This week we return to one of our core writing themes for this year - #FutureChiefs. In this instalment, TCB editor Luke Webb explores a new role for future CAFs – that of technology leader.
Should future Chiefs of Air Force (CAF) be the leaders and figureheads of an aviation enterprise, or some other organisational ontology?
It’s my contention that the centre of gravity of Air Force is moving from being a flying enterprise to a knowledge-actor network that’s fuelled by a range of advanced technologies – both in the air/orbit and on the ground. As such, future CAF’s will be charged with developing, advancing, and exerting the effects that spring from this Blue intellectual force and its associated technologies base – all in addition to the existing suite of responsibilities CAFs are expected to fulfil.
Sure, the Air Force of the future will still do plenty of flying and exerting effects, and the prospect of the enterprise echoing a Silicon Valley tech behemoth is not likely the most relevant model to adopt despite the burgeoning technology stack that powers Air Force. But whilst Air Force is not a technology outfit, it reverts to an aviation social club without a high degree of tech-centricity , and this, I argue, means that a #FutureChief needs to add technology leader to their epaulettes.
A parallel to examine would be the leaders of other public sector organisations like DSTG, CSIRO and the Chief Scientist of Australia. Individuals who know their technical tradecraft, but whose role and identity are not so firmly set around deep domain expertise.
Instead, these are leaders who have substantial experience in transformations – whether in launching new high-tech start-ups (such as Alan Finkel), leading major research efforts whilst managing many risks and unknowns (such as Professor Graeme Clark) or making breakthroughs in areas of significant complexity and communicating these to non-technical audiences (such as Professor Lisa Harvey-Smith).
They’re effective managers of the business of discovery, experimentation, and transformation, and not just of the end-products of science & technology (S&T) processes. Articulating how a future Air Force will likely be shaped by technology and intellect management would fill a series of articles, but as technology cycles shorten and the reliance on the technical expertise of its people increases, the success of Air Force will depend on far more than the ability to launch airborne sorties. It will become an organisation that needs to constantly evolve its technology and intellectual network to produce the effects that modern conflict will demand of it. Therefore, it will need a leader that is intimately aware of the fragility of evolving an organisation along these lines.
To empower this vision, I’d argue #FutureChiefs will need to expand their role to include (or beef up) the following personas:
An aerospace power futurist (or at least someone who can listen and respond to futurists, but with a critical lens).
A Socratic master – the key knowledge provocateur and instigator of deeper organisational thinking and learning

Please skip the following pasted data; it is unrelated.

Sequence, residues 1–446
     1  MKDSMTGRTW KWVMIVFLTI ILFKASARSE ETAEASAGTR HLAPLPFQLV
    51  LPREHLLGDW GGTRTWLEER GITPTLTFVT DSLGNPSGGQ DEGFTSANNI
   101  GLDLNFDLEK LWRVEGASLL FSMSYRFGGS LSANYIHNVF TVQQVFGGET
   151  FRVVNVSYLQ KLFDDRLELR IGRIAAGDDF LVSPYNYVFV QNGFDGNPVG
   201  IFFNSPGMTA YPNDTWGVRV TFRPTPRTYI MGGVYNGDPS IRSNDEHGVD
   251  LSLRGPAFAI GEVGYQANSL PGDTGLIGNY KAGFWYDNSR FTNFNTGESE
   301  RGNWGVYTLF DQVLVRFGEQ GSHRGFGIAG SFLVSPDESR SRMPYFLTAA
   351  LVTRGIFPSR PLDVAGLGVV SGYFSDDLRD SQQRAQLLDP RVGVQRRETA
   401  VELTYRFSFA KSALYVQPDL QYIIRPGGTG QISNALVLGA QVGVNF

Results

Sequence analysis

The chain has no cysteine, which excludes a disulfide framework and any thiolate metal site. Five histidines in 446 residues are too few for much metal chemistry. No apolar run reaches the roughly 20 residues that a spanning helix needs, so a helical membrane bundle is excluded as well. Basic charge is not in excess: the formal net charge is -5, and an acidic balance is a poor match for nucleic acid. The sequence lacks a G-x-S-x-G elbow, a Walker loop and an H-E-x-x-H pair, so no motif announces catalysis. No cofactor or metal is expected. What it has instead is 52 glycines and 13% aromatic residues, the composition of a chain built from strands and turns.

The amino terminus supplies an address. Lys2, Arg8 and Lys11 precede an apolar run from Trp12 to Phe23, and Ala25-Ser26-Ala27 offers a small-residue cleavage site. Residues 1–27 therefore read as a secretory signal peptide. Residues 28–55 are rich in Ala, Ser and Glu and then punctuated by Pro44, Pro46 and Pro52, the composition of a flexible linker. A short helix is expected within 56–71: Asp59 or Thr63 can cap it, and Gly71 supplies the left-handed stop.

A narrative setter and a storyteller – painting the vision of how the enterprise needs to change and its ‘next state’ intent
An ambassador to the Government of the day and an educator of the stakeholders that will shape the enterprise’s future. Articulating constant change is a delicate art and a time-consuming activity – especially when a major strand to this effort is masterly explaining failure and uncertainty
The Chief attorney & ethicist to lead and challenge technological developments to be in line with the codified and uncodified expectations of the national (and increasingly international) citizenry whom Air Force serves.
The Air Force of the future will face significant challenges around information mobility and rapid sensemaking. Whilst a future CAF won't be the primary technology architect, it will be their role to empower the Air Force ecosystem to continue iterating, adapting, and changing. It will require a leader who not only recognises the complexity and dependencies of the tail-to-tooth chain of Air Force, but who also has an instinct to lead its successful adaptation to deliver ever-new aerospace-derived effects – all without losing its aviation professionalism that makes Air Force such a unique organisation.
 And by tech-centricity, this is not to assert that technology is the one core strand of DNA of Air Force. Aerospace power relies on the masterful skill and knowledge of its people, using their experience to leverage technology to produce effects in, from and through air & space. This piece assumes that the growing focus on Air Force people will remain a core part of CAF’s role (along with all the other existing components) and rather advocates for another important strand to future CAFs’ work - leading Air Force in S&T mastery.
Luke Webb is a Melbourne-based aerospace engineer, casual academic & science communicator. He is the Chair of the Melbourne Branch of the Royal Aeronautical Society, and one of the editors of The Central Blue.